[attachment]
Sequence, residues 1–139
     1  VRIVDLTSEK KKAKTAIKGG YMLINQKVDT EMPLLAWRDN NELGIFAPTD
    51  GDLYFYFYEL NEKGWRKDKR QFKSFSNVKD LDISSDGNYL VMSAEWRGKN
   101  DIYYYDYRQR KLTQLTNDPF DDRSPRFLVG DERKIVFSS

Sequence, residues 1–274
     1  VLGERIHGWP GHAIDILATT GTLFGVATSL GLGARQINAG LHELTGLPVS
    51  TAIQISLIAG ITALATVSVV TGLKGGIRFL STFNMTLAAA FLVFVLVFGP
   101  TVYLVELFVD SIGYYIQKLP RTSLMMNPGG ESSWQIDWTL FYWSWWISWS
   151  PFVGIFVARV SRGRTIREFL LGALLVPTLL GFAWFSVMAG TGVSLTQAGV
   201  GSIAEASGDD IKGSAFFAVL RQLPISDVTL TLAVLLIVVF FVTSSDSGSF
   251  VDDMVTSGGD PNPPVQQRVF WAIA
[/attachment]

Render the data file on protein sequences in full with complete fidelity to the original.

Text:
Sequence, residues 1–139
     1  VRIVDLTSEK KKAKTAIKGG YMLINQKVDT EMPLLAWRDN NELGIFAPTD
    51  GDLYFYFYEL NEKGWRKDKR QFKSFSNVKD LDISSDGNYL VMSAEWRGKN
   101  DIYYYDYRQR KLTQLTNDPF DDRSPRFLVG DERKIVFSS

Sequence, residues 1–274
     1  VLGERIHGWP GHAIDILATT GTLFGVATSL GLGARQINAG LHELTGLPVS
    51  TAIQISLIAG ITALATVSVV TGLKGGIRFL STFNMTLAAA FLVFVLVFGP
   101  TVYLVELFVD SIGYYIQKLP RTSLMMNPGG ESSWQIDWTL FYWSWWISWS
   151  PFVGIFVARV SRGRTIREFL LGALLVPTLL GFAWFSVMAG TGVSLTQAGV
   201  GSIAEASGDD IKGSAFFAVL RQLPISDVTL TLAVLLIVVF FVTSSDSGSF
   251  VDDMVTSGGD PNPPVQQRVF WAIA